Looking For Alaska by John Green

I saw Looking for Alaska at the library and grabbed it because it's by the same author as An Abundance of Katherines, a book I picked for the Printz challenge. And because this book also won the 2006 Printz award. And because I loved Green's videoblog with his brother, and am so sad it's over, although they do still videoblog now and then in their own blogs. Here's a videoletter to his brother that Green made when Looking for Alaska was being challenged. It is the best censorship rant ever.

But back to the book.

It's really an outstanding book. I usually feel that the highest praise I can mentally (or in a blogpost) give a YA book is that it will make kids think. But then I read this book, which made me, an allegedly sophisticated adult reader with an actual literature degree, think.

It made me think about death, and what happens after we die (my answer = I don't know and neither does anyone else). And it made me think about the ways in which emotional pain can be as deadly as physical pain. It made me think about my friend who studies religion and has expressed some of the same ideas as Green (who also studied religion). It also made me think about belonging, and what it meant to me as a kid, and what it means to kids I know. It made me think about what, exactly, home is.

The narrator is Miles, a high school junior, who goes away to boarding school. There, he meets a group of friends, the first group of friends he's had in his life. In his old school he was an outcast, but the sense of belonging he feels at this new school triggers a lot of growth in him. This reminded me of a boy I know, who was an outcast in his previous school, but is now thriving, with a group he belongs to, in a different school.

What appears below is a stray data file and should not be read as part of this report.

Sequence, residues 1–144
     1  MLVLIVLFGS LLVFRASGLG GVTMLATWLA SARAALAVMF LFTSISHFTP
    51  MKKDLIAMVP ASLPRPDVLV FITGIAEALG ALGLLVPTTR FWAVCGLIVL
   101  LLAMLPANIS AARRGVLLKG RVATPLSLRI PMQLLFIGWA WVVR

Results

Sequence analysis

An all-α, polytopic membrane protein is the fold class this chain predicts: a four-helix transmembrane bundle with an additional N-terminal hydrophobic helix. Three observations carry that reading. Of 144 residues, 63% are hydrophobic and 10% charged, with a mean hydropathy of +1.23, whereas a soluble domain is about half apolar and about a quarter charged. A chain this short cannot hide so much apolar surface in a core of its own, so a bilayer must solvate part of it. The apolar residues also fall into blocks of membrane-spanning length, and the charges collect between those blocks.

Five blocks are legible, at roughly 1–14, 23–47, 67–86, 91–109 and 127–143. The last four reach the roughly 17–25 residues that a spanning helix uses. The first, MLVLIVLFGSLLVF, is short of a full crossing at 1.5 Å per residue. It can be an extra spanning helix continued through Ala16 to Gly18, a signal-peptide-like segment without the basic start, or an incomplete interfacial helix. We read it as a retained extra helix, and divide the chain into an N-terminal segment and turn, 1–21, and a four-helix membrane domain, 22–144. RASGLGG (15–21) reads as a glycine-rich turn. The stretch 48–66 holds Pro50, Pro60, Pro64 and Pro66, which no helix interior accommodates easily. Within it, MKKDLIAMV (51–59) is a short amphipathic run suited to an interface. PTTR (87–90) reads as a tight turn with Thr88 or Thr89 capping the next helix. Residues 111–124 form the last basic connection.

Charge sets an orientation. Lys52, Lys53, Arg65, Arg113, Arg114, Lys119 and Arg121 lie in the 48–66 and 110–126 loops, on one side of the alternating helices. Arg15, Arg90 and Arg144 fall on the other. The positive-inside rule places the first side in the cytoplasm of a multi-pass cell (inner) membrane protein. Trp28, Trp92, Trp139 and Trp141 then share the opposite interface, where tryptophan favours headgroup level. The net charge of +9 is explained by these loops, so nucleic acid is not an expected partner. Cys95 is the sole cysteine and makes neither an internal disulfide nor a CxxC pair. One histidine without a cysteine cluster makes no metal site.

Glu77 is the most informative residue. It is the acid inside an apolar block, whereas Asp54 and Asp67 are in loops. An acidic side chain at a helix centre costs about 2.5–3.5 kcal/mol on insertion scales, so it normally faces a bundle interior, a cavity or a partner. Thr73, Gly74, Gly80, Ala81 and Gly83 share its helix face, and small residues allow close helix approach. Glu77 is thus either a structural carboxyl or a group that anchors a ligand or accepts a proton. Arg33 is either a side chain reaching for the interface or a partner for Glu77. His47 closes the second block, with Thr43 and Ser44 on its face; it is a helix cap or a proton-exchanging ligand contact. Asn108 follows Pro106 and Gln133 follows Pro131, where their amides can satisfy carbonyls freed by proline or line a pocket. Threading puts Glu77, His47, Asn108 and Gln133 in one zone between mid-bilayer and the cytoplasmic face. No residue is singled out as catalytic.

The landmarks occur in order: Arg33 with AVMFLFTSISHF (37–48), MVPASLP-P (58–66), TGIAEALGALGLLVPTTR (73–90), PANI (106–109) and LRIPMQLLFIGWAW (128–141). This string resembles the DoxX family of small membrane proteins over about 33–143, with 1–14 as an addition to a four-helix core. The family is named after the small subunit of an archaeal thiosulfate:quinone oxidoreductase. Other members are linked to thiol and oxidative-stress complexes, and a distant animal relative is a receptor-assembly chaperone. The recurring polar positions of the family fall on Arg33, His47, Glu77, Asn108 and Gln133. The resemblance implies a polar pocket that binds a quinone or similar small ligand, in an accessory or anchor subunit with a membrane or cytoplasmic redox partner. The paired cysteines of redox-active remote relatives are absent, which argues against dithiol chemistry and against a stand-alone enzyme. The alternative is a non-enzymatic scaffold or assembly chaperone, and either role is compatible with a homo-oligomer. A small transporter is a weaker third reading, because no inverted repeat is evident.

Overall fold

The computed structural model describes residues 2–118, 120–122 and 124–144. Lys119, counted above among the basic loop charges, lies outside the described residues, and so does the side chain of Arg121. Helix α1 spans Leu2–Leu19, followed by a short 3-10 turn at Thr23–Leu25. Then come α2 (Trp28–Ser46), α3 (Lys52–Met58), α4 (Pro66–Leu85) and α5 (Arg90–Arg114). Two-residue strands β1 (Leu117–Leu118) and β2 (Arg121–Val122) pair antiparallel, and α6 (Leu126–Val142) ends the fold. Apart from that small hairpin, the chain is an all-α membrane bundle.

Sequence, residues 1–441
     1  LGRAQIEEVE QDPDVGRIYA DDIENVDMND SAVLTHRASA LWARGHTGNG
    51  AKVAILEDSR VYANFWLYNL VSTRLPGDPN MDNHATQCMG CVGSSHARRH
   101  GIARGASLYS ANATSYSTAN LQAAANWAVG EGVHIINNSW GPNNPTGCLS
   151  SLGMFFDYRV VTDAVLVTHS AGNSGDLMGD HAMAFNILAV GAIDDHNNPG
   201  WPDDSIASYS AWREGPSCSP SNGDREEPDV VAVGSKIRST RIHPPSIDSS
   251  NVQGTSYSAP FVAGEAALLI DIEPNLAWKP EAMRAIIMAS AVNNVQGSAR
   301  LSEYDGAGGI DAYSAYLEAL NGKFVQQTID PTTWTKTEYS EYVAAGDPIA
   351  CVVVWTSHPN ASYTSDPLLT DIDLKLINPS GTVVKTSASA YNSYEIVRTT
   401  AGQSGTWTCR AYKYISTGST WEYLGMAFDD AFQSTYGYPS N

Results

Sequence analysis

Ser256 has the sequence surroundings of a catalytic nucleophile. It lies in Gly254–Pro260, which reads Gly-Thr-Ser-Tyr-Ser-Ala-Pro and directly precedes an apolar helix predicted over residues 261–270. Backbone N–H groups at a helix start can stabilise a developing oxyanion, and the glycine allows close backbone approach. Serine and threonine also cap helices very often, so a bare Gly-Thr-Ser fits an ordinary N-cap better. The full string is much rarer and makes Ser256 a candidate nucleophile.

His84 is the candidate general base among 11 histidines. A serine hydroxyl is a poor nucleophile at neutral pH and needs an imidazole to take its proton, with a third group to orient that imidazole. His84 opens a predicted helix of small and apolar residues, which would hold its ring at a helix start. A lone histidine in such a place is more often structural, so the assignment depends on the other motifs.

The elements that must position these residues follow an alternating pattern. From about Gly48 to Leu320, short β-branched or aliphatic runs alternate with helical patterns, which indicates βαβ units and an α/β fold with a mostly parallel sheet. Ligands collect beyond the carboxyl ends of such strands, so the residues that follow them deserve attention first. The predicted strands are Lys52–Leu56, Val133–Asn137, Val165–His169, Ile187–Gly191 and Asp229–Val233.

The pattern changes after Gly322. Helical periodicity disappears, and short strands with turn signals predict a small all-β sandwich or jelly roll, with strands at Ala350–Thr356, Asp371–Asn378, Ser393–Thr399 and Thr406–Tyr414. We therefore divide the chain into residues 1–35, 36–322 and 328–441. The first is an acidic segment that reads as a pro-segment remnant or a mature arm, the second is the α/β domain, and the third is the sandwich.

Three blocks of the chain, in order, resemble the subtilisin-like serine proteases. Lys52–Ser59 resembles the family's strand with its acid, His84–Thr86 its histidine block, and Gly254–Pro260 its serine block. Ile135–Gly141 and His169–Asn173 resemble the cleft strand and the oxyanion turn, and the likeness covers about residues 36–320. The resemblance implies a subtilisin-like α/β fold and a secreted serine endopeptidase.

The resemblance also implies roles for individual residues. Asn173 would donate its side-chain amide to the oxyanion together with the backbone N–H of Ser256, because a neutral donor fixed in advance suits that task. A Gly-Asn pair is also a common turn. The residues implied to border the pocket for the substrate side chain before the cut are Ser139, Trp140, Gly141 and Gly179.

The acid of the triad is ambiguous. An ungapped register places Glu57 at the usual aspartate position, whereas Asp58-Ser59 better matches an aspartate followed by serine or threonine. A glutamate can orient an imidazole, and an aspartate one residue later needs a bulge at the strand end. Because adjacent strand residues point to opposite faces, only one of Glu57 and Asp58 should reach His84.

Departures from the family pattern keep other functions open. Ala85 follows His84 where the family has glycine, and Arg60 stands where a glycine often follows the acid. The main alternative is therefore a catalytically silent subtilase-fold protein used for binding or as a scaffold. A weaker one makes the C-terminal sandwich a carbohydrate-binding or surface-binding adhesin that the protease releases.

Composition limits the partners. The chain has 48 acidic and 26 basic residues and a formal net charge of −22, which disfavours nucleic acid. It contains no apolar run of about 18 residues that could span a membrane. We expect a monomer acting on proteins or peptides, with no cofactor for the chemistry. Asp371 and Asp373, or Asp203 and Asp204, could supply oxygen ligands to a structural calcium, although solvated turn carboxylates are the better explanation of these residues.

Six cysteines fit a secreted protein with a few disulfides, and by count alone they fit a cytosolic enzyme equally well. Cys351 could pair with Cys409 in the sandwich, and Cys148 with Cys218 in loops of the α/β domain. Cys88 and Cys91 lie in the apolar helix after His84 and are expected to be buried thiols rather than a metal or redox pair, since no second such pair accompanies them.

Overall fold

Miles' group of friends is what many parents would consider "the wrong crowd."

But for Miles, it's the right crowd, because although they introduce him to "booze and mischief" as well as smoking and sex, all of which contribute to the constant threat of expulsion dangling over their heads, they understand him. They look at him, and they see Miles, who he really is, and they accept him. This matters so much more to kids, I think, than whether the people who include them are "good kids" or "bad kids."

And really, let's be perfectly honest here. There is no way to protect your kid from kids who know about alcohol, mischief, sex and smoking. The only real control you have over how they react to this inevitable exposure is to teach your kids to think for themselves. That is really the only protection parents can give their children from whatever they consider the evils of the world, although a sad number of parents believe that fearmongering, threats, and lots of screaming and bullying will somehow have a positive effect.

The sun around which the rest of the group revolves is Alaska, a girl with so much charisma that everyone seems to be at least a little bit in love with her. Alaska is impulsive and reckless, as well as troubled, and she barely shares the source of those troubles with her closest friends. In the end, knowing Alaska is the greatest source of pain Miles has encountered in his life, but it's also a catalyst for his personal growth, for him to start forming his own values and viewpoints and interests, beyond the interest he arrived at the school with, which is the last words of famous people.

I really can not recommend this book strongly enough. I can't wait to read An Abundance of Katherines now, and I think I've found a new favorite writer.

Now, in case you fell madly in love with Green's brain watching that video (and who wouldn't?) you can get more at his blog.

And below is an (admittedly dated) example of the awesomeness of Hank Green, John's brother.

"The books that the world calls immoral are the books that show the world its own shame." Oscar Wilde